A lawsuit reveals why standards organizations need strong policies on intellectual property.
I've decided to create a new series in my blog that gives real world, real time examples of The Ten Commandments for Effective Standards
in action. As I see activities, successes, and challenges in the standards game that pertain to one of the "commandments," I'll point them out. If you come across any good examples, be sure to let me know and I'll be glad to write about them (and give you credit, of course).
A few weeks ago, an instance of the second commandment--Use Caution When Mixing Patents and Standards--arose as Microsoft filed a lawsuit against Motorola
. Microsoft is claiming that Motorola broke its promises to the IEEE-SA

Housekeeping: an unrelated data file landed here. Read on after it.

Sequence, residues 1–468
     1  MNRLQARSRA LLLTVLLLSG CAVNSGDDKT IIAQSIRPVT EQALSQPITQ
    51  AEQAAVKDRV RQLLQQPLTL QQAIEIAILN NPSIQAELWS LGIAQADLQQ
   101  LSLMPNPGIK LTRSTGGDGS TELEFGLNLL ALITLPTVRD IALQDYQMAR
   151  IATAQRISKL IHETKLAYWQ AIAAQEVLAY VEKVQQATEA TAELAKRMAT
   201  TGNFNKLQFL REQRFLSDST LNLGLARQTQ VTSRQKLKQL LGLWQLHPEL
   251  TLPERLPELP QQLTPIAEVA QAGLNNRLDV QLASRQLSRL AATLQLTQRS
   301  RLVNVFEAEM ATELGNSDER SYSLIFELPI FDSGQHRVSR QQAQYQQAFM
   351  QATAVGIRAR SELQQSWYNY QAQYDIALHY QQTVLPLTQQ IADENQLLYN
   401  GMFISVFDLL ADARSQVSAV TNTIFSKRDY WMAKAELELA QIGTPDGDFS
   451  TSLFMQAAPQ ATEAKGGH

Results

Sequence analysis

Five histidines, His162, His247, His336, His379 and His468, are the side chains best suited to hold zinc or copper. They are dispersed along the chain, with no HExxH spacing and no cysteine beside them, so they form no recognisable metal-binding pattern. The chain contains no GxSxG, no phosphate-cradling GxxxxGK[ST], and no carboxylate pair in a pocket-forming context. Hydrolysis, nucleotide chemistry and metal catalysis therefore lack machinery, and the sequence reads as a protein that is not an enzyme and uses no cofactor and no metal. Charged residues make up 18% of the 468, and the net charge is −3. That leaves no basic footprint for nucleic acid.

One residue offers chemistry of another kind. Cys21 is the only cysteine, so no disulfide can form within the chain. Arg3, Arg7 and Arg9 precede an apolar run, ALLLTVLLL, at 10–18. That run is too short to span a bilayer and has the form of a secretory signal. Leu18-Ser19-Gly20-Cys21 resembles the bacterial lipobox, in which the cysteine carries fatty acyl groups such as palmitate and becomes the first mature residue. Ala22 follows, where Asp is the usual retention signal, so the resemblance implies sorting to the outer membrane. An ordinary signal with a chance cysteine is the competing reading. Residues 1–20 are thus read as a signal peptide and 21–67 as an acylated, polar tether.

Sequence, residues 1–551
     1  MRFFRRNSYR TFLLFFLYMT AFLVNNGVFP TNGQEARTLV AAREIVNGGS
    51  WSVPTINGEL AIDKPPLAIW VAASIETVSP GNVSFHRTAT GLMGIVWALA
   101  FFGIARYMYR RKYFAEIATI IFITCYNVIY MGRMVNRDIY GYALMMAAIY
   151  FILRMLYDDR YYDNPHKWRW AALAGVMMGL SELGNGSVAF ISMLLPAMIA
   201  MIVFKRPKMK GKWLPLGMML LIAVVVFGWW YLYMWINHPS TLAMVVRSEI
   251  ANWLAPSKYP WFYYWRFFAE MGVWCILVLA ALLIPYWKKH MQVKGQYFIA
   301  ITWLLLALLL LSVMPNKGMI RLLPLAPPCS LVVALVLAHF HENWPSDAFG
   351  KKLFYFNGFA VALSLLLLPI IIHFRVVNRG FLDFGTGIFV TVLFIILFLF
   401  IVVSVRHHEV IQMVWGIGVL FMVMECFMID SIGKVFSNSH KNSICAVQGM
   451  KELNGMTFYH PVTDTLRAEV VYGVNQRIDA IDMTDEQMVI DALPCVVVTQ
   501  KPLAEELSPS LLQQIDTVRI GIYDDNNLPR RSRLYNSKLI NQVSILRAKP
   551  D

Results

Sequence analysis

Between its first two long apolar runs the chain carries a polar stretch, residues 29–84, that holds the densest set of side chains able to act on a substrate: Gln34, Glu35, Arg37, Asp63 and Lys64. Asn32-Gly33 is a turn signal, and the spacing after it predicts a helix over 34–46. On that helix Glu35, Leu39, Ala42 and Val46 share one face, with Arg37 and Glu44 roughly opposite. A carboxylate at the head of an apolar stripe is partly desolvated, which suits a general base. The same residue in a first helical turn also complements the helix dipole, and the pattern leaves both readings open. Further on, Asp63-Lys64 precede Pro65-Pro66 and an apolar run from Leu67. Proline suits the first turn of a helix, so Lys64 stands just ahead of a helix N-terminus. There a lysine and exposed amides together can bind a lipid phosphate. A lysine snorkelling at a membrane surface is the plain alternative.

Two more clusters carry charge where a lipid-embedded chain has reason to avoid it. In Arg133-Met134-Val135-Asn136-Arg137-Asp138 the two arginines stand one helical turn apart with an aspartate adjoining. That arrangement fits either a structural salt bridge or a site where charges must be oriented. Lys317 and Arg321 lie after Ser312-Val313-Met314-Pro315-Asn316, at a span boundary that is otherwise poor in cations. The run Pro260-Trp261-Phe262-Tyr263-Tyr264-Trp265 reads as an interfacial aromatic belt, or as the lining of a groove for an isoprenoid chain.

to offer a Reasonable And Non-Discriminatory (RAND)
license to Motorola's patents that Motorola identified as being related to WLAN and H.264 video compression. Motorola denies the claim and says its licensing is reasonable.
For countless reasons, I won't make any judgments on which company is right or wrong or the shades of gray in between. However, I do want to emphasize that this suit (among so many others) is the reason why a standards organization's intellectual property policy is so important. The IP policies of the IEEE-SA
will likely play a key role as this dispute is resolved. As Yatin Trivedi said when he sent me the link to an article about the lawsuit, "Maybe this suit (and its settlement) will give new understanding of the IP policy in standards organizations."
There are surely high stakes to be won or lost in the Microsoft vs. Motorola suit because the consumer electronic products industry is massive. And the big question is who's to decide what RAND really is? The answer will be up to the courts.
Karen Bartleson is senior director of community marketing at Synopsys, Inc. and author of The Ten Commandments for Effective Standards. Her blog for Synopsys is called The Standards Game.